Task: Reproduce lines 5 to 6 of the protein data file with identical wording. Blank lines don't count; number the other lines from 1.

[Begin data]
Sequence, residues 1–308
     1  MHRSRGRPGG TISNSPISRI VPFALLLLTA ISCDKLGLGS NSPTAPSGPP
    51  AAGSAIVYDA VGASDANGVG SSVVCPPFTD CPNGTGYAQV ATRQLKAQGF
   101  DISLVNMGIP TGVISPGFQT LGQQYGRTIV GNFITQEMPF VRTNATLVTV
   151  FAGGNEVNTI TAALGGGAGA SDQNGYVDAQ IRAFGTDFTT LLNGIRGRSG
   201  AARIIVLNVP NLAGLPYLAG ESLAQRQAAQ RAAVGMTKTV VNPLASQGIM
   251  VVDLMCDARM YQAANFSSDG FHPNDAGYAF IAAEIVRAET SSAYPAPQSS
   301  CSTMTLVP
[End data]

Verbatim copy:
   151  FAGGNEVNTI TAALGGGAGA SDQNGYVDAQ IRAFGTDFTT LLNGIRGRSG
   201  AARIIVLNVP NLAGLPYLAG ESLAQRQAAQ RAAVGMTKTV VNPLASQGIM